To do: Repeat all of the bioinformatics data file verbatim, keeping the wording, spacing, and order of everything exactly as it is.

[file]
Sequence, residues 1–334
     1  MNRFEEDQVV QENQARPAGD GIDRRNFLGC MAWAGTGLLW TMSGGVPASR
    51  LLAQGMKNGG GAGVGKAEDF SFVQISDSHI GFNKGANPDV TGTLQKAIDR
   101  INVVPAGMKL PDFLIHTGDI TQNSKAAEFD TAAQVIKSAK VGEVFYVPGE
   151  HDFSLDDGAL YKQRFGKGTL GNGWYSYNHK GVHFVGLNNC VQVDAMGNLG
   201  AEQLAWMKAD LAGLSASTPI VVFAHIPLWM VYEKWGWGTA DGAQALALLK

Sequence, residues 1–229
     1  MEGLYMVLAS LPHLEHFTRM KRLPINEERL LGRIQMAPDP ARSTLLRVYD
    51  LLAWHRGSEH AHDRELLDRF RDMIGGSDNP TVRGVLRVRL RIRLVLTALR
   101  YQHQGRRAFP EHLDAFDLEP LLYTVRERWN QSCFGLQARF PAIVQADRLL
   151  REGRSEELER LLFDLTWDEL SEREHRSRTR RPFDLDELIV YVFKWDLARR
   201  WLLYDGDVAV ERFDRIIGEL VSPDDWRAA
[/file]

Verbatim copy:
Sequence, residues 1–334
     1  MNRFEEDQVV QENQARPAGD GIDRRNFLGC MAWAGTGLLW TMSGGVPASR
    51  LLAQGMKNGG GAGVGKAEDF SFVQISDSHI GFNKGANPDV TGTLQKAIDR
   101  INVVPAGMKL PDFLIHTGDI TQNSKAAEFD TAAQVIKSAK VGEVFYVPGE
   151  HDFSLDDGAL YKQRFGKGTL GNGWYSYNHK GVHFVGLNNC VQVDAMGNLG
   201  AEQLAWMKAD LAGLSASTPI VVFAHIPLWM VYEKWGWGTA DGAQALALLK

Sequence, residues 1–229
     1  MEGLYMVLAS LPHLEHFTRM KRLPINEERL LGRIQMAPDP ARSTLLRVYD
    51  LLAWHRGSEH AHDRELLDRF RDMIGGSDNP TVRGVLRVRL RIRLVLTALR
   101  YQHQGRRAFP EHLDAFDLEP LLYTVRERWN QSCFGLQARF PAIVQADRLL
   151  REGRSEELER LLFDLTWDEL SEREHRSRTR RPFDLDELIV YVFKWDLARR
   201  WLLYDGDVAV ERFDRIIGEL VSPDDWRAA